4. My dough came out very sticky! Followed the recipe to a T. I let it chill in the fridge for an hour and a half. I’ve added more flour but it’s still sticky. =( I did a test run of a few blobs (kids decorated them)….rose just fine and came out soft after almost 8 minutes in the oven. Taste is pretty good….hopefully didn’t add too much flour (don’t know if that would dull the flavor). Going to let the rest of the dough chill more but looks like we might not get to do cutouts.

          1. I’m sorry it was so sticky! I hope you didn’t throw all your dough away! Keep adding 1/4 cup flour at a time until you can roll the cookies out.

  5. I followed your recipe exactly as it is written. My dough was SO sticky! I had to keep adding flour. Instead of 8 cups it was more like 12. I quit counting.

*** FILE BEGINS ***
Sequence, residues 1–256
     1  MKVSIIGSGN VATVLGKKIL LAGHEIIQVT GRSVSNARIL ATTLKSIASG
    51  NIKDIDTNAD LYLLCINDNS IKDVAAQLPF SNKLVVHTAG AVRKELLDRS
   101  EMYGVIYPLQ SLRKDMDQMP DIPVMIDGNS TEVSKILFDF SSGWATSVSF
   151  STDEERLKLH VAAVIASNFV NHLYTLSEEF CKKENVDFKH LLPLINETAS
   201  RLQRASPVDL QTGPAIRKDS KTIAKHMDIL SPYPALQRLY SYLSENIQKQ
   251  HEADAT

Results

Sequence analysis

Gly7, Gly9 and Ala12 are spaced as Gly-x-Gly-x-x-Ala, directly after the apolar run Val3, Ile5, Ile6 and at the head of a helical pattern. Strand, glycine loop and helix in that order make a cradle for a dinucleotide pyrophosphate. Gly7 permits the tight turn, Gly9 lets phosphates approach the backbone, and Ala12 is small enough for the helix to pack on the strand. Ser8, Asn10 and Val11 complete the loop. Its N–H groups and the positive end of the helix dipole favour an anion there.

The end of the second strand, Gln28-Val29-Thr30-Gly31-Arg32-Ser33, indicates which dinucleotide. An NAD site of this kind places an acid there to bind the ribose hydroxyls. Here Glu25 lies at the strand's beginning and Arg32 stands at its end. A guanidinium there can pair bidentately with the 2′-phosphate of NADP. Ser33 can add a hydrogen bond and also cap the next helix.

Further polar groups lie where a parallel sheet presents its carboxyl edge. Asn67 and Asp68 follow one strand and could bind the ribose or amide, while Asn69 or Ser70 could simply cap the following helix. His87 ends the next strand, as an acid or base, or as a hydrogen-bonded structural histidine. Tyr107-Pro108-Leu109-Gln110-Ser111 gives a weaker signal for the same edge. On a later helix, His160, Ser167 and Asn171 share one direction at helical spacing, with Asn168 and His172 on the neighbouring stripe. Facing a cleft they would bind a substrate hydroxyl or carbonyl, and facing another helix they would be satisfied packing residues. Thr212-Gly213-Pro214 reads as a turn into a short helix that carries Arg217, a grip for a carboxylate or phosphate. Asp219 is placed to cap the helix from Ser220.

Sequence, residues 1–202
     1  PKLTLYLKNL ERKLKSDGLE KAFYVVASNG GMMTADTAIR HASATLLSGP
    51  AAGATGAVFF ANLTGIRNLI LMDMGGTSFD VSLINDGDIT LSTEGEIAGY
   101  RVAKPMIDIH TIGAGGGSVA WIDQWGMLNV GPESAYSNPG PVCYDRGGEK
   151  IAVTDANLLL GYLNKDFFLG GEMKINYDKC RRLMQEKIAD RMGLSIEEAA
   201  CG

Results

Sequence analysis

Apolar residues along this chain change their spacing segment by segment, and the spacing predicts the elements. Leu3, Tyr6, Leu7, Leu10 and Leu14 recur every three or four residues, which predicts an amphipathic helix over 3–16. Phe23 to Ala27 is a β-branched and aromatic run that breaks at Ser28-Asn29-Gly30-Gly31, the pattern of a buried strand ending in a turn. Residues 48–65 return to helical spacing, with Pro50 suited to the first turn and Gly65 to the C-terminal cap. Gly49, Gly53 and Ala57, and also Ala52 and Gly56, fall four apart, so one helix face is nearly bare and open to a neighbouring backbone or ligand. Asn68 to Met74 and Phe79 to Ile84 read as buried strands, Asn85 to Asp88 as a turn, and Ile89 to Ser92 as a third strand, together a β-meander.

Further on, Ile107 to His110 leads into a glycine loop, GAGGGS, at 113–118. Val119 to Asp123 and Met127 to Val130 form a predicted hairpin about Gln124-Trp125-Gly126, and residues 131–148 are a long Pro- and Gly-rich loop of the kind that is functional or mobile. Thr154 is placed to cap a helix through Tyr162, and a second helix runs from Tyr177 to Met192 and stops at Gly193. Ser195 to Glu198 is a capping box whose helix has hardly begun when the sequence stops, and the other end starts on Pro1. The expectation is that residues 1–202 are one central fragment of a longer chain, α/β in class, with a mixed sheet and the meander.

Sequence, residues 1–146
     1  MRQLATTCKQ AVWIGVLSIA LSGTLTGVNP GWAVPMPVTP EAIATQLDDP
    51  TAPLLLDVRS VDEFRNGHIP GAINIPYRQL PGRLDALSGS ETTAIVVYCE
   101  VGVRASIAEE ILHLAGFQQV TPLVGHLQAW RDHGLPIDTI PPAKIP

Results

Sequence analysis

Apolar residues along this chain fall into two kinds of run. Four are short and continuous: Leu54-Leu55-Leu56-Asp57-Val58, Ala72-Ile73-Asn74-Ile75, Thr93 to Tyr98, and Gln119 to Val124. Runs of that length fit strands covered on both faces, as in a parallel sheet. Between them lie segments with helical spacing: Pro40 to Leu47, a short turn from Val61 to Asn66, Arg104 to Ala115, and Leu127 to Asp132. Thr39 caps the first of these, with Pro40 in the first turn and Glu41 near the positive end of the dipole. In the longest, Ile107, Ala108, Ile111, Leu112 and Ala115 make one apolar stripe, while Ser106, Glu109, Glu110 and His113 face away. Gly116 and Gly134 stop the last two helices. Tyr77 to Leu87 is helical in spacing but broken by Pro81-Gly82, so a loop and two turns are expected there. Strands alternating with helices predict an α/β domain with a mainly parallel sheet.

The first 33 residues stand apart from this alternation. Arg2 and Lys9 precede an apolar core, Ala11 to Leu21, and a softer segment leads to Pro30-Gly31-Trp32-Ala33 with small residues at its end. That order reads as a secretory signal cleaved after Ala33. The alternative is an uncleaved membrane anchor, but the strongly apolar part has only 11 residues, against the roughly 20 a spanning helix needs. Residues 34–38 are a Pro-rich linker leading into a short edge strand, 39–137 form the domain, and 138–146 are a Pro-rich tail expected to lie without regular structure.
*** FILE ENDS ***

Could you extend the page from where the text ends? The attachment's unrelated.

Just getting ready to roll out the dough. So I’m really hoping it comes out tasty. I’m quite worried that all the extra flour is going to take away from the softness I was looking for in a cookie. Fingers crossed they still turn out great!

    1. Sometimes I need to add a lot of flour, Carla, especially when rolling out. The only thing that seems to affect the softness, though, is if I roll the dough out too much. For example, if I keep rerolling dough from the extra cut-outs, those cookies end up not being very soft. To prevent that, once I’m rolling the dough out on a floured surface and it’s ready for cut outs, I try to space my cookie cutters close enough so there’s very little extra dough left over. That way, when I do reroll the excess scrap dough, it won’t be too tough.